The Eastern Arborvitae
Eastern arborvitae (Thuja occidentalis) was one of the first North American native trees to be cultivated in Europe. Its common name was a symbol of its importance to weary travelers, more so than its own long life. Such a commonly used landscape plant rarely has the romantic appeal of this one.
Eastern arborvitae (a.k.a. American arborvitae, white cedar) is a medium sized evergreen tree, growing forty to sixty feet tall and ten to fifteen feet wide. The flattened scale-like foliage is bright green and tansy-scented when crushed. Its fruit is a small, light brown cone up to a half-inch long. Arborvitae is typically grown as an accent, specimen, hedge or foundation plant. It is hardy in zones 3-7.
Eastern arborvitae ranges from Nova Scotia to Manitoba south through the Great Lakes region and along the Appalachians to North Carolina and Tennessee. In the north it tends to be closely aligned with low, acidic, wet areas such as river banks and bog edges. At its mountainous southern extent it becomes altogether less common and more likely found on limestone cliffs.
This species, seldom sought by lumbermen (besides those used for cabin roofing shingles) because of its “weakness,” had been the premier wood for canoe frames for millennia. Its tendency to separate at the growth rings provided thin, super lightweight, flexible and rot resistant material that could easily be shaped into ribs or used for planking.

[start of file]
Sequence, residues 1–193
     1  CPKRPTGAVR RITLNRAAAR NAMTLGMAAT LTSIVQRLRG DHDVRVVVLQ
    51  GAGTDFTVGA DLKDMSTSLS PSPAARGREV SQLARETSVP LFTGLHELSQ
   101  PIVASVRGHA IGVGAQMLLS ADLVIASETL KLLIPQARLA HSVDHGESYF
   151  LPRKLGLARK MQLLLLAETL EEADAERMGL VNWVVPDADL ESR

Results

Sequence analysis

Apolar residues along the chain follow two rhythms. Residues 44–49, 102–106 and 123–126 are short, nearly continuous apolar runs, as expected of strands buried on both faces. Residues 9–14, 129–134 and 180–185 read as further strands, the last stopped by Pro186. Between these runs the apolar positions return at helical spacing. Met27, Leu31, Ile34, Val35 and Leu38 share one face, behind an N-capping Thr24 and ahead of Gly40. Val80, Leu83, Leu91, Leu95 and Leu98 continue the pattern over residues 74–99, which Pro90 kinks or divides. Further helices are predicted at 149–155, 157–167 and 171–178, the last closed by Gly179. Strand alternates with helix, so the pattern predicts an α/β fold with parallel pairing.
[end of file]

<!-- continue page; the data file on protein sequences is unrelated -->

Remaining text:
For the living tree the name arborvitae, which means “tree of life,” was given by French explorers who had been cured of scurvy by local native people using tea made of the foliage and sap that is rich in vitamin C. Because of his appreciation for this medicinal tree of the new world, Jacques Cartier sent specimens home to be grown in France in the mid-1500s.
As for longevity, the name arborvitae is a perfect fit in this regard as well. Members of this species are the oldest trees in eastern North America. Although they once were believed to be a short lived tree, some of the gnarly, ancient cliff-dwelling specimens have been aged at more than 1000 years.
Eastern arborvitae is widely adaptable and there are a great variety of cultivars available from which to choose. It performs well in humid regions. Provide a site with full to partial sunlight, on consistently moist soil. Heavy clay and light sandy soils should be well amended with organic matter to improve drainage and water retention respectively.
Deer protection is advisable if the threat exists. Monitor for spider mites and bagworm, although provided good air circulation infestations will be minimal. Little or no pruning is required.
A Few Popular Landscape Cultivars
- ‘Degroot’s Spire’
- ‘Emerald Green’ (‘Smaragd’)
- ‘Golden Globe’
- ‘Little Giant’
- ‘Yellow Ribbon’